Over half of banking customers across Europe would be willing to switch their accounts to financial institutions that offer biometric authentication services, according to a study conducted by Vanson Bourne and commissioned by LogicaCMG
The study, which spans seven European countries, shows that 57% of people would be more likely to change their current account provider if all it took was an identity card and fingerprint to establish and prove identity.
In Germany this average increases to 64%, almost two thirds of the population, says LogicaCMG.
The research found that over a quarter of Europeans - 27% - would be more likely to change insurance providers, and 25% would switch savings account providers to an institution that provided biometric authentication, while just over one in five (21%) Europeans would be more likely to start a pension and 17% would be more likely to switch mortgage providers.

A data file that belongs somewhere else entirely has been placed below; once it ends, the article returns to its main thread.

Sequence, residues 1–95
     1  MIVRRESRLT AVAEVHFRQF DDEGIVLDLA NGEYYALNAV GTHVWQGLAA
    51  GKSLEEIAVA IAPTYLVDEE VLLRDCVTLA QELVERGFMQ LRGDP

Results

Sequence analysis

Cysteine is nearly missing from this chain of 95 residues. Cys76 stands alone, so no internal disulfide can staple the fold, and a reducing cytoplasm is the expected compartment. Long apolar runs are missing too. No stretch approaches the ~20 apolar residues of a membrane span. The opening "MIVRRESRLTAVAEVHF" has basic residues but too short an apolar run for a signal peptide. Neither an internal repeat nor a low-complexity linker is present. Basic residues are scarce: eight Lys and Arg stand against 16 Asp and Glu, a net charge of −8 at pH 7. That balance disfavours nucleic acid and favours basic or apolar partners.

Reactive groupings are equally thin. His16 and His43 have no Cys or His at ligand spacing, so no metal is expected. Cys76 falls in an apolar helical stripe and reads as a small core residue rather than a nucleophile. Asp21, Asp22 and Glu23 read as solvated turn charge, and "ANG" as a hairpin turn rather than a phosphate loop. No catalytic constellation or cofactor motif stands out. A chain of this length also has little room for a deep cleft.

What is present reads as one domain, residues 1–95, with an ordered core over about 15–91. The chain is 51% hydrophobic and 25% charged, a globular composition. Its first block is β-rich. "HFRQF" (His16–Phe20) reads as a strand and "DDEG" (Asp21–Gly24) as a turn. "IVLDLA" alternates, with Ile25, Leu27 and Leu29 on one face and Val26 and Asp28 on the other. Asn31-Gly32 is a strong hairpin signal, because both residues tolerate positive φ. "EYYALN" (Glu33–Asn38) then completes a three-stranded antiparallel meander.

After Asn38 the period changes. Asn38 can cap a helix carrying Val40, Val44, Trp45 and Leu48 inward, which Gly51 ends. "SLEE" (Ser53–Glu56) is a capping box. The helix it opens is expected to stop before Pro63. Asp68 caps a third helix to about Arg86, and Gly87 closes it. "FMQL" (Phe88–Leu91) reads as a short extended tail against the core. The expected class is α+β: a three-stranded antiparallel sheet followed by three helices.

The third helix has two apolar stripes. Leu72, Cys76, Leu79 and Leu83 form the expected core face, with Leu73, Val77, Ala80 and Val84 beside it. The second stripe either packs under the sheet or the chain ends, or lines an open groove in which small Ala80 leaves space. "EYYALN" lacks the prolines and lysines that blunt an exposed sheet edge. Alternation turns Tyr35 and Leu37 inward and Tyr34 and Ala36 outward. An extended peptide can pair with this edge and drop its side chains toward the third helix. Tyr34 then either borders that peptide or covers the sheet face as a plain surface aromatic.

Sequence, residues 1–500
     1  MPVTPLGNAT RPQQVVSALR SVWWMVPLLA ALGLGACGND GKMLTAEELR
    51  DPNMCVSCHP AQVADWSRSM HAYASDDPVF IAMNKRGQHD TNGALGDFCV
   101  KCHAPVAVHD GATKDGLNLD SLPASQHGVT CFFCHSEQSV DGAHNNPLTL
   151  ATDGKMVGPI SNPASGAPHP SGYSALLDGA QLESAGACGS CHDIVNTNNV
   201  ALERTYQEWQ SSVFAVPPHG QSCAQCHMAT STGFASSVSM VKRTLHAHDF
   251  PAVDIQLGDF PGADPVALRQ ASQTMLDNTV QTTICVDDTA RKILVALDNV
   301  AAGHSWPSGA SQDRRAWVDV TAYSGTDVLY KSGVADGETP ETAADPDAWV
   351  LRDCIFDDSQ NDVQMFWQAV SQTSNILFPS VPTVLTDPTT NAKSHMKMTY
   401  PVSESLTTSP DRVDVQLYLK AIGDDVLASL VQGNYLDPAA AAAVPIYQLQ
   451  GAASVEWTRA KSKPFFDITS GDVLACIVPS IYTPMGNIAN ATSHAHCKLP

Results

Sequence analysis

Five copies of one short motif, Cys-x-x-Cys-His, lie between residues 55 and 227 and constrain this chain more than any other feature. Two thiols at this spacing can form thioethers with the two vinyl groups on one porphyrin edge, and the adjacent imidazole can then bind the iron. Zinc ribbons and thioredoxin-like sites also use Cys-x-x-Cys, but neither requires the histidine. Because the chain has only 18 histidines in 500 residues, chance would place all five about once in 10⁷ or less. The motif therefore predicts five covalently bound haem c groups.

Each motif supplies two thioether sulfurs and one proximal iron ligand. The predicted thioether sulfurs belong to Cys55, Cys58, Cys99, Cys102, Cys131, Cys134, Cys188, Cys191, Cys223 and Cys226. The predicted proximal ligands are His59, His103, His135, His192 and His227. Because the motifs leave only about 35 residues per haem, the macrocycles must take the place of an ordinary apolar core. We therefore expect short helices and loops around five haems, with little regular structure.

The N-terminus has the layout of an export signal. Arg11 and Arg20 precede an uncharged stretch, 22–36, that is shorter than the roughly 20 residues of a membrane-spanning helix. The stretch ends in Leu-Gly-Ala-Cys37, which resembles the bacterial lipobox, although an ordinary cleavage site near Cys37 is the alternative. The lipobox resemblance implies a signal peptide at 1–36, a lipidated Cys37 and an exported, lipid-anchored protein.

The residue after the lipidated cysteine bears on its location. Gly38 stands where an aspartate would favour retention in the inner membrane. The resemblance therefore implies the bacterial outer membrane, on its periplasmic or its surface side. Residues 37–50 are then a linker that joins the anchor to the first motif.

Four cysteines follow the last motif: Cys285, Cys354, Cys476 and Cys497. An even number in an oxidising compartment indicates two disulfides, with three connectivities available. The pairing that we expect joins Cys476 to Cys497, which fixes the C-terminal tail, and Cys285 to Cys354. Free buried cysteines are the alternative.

LogicaCMG says the research reveals that the introduction of biometrics could lead to much greater consumer confidence in switching between different bank accounts and other financial products.
Although the financial services industry has made huge advances in fraud prevention - such as the introduction of chip and PIN - fear of fraud means that consumers are still not entirely comfortable with security measures implemented banks.
Commenting on the research, Paul Gribbon, consultant in LogicaCMG's electronic identity practice, says as banks have to proliferate across channels such as digital television, the Internet, telephone banking systems and physical branches, biometrics will be a key method in establishing and verifying the identity of customers.
"If people are so much more likely to switch accounts when biometrics hit the high street, then banks need to prepare for this," says Gribbon. "Early adopters will be able to offer a "fast-switch" service, increasing market share at the expense of competitors and controlling and focusing churn to their advantage."
He adds: "This is a clear indication that biometric authentication in the hands of the customer - which can range from voice recognition to an iris scan - will lead to a quiet revolution in the retail financial services market across Europe."